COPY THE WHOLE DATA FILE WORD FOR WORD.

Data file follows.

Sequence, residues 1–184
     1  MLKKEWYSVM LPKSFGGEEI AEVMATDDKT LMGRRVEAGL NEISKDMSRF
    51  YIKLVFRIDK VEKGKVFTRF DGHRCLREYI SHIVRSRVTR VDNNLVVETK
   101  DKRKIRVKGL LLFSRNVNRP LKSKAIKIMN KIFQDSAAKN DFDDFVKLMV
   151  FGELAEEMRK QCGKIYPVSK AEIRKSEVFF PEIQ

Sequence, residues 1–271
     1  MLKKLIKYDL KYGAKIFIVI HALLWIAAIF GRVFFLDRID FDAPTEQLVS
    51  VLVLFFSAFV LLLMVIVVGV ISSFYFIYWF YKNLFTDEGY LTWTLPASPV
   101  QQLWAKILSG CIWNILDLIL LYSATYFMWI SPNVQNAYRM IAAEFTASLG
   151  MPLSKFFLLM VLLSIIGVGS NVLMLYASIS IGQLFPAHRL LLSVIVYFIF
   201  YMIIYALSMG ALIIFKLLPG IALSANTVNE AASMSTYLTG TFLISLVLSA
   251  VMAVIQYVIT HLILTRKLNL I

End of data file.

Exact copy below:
Sequence, residues 1–184
     1  MLKKEWYSVM LPKSFGGEEI AEVMATDDKT LMGRRVEAGL NEISKDMSRF
    51  YIKLVFRIDK VEKGKVFTRF DGHRCLREYI SHIVRSRVTR VDNNLVVETK
   101  DKRKIRVKGL LLFSRNVNRP LKSKAIKIMN KIFQDSAAKN DFDDFVKLMV
   151  FGELAEEMRK QCGKIYPVSK AEIRKSEVFF PEIQ

Sequence, residues 1–271
     1  MLKKLIKYDL KYGAKIFIVI HALLWIAAIF GRVFFLDRID FDAPTEQLVS
    51  VLVLFFSAFV LLLMVIVVGV ISSFYFIYWF YKNLFTDEGY LTWTLPASPV
   101  QQLWAKILSG CIWNILDLIL LYSATYFMWI SPNVQNAYRM IAAEFTASLG
   151  MPLSKFFLLM VLLSIIGVGS NVLMLYASIS IGQLFPAHRL LLSVIVYFIF
   201  YMIIYALSMG ALIIFKLLPG IALSANTVNE AASMSTYLTG TFLISLVLSA
   251  VMAVIQYVIT HLILTRKLNL I